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Of horse shelters and property rights…

horse shelter

Well played, sir. On another note, do we really own our properties if the city council has veto power over what you build on your own land? Consider, too, the notion of property taxes. Failure to pay them will result in the forced sale of your property. Finally, consider the Kelo decision. The SCOTUS ruled that eminent domain can be applied in cases where a third party can bring in more tax revenue. E.g., a developer can petition the city to condemn and sieze your land because their development will bring in more tax money. With these three…caveats?…does one ever truly own their land?

Image hat tip to Michael Yon

3 Comments

  1. Good find. With the exceptions that the government must collect taxes to fund the proper functions of government and inside a city the city must govern what is built (why is a horse farm inside a city?) I agree with the rest. Government is completely out of control, and things are not looking better in the foreseeable future.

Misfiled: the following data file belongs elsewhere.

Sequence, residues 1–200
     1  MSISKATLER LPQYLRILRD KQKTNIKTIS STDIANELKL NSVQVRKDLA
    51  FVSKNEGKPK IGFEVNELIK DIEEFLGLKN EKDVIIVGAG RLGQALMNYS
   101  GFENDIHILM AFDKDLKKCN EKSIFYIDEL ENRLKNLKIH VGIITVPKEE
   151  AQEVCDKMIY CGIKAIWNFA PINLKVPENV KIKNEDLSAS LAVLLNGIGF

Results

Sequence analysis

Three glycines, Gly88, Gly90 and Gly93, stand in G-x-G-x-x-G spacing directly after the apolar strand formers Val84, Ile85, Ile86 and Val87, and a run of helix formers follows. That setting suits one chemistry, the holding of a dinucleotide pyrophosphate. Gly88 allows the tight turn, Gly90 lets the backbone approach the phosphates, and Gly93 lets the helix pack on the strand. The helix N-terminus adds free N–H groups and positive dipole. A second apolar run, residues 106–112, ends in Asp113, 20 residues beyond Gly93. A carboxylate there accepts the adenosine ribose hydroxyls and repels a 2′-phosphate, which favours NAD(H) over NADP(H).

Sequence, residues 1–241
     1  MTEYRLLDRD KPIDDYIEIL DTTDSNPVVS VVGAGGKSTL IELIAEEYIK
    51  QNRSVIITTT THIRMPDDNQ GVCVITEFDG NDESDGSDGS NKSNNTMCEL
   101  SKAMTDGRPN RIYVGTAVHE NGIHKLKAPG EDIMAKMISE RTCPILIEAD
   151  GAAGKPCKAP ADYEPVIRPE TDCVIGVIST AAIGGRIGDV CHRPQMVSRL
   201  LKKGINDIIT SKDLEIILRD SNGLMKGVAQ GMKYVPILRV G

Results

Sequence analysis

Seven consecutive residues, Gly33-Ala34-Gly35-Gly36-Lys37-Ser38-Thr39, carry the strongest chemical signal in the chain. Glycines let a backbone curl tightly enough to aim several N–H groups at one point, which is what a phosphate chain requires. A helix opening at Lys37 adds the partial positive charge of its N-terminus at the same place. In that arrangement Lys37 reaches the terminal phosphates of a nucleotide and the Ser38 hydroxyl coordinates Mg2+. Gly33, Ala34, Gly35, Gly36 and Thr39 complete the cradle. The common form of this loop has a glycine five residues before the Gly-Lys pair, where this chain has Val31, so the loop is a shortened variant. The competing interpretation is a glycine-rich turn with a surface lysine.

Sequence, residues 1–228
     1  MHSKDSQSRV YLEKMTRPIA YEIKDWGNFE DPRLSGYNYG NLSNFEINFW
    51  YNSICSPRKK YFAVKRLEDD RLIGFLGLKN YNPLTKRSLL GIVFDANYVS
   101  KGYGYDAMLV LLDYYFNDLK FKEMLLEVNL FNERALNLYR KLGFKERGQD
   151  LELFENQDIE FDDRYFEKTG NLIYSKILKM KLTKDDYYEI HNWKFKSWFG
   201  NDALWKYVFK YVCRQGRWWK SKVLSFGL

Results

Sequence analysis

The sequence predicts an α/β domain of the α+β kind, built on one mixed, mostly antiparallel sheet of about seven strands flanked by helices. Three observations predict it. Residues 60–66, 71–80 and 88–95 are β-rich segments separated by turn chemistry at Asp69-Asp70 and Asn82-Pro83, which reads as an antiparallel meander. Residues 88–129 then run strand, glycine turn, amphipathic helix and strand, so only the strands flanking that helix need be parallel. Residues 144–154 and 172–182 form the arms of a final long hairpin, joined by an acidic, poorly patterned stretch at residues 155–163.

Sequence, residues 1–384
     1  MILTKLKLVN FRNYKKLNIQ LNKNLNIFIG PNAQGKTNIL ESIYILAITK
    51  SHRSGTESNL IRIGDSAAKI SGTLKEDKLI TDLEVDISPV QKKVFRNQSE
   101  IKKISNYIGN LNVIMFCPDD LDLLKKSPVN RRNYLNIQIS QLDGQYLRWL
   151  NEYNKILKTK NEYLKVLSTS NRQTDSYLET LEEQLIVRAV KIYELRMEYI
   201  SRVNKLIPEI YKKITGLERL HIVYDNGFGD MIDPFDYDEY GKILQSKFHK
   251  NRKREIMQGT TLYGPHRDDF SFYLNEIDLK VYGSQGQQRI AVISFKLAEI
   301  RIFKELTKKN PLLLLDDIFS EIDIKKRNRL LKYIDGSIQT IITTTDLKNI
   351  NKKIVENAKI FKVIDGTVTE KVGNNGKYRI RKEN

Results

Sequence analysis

Posted on 01-Dec-12 at 13:25 | Permalink
  2. CombatRob

    I actually agree a government must collect taxes and that a property tax makes the most sense. I also agree they have an obligation to watch what’s built though it’s definitely become excessive if a farmer can’t build a barn for his horses.

    I just think it’s interesting how we think we own a thing but in reality we do not.

    Posted on 01-Dec-12 at 15:14 | Permalink
  3. don whitmire

    My perspective of property applies to business first and the rest follows. NOT OT. We have the God given right to discriminate without apology or explanation with our hiring employees and renting our property. That is how tradition and culture are preserved as well as keeping out undesirables. The Civil Rights layered on top of the Bill of Rights paved the way for the kind of control in that photo above. The resourcefulness of that rancher gives me pride in our cultural imagination.

    Posted on 08-Dec-12 at 22:03 | Permalink

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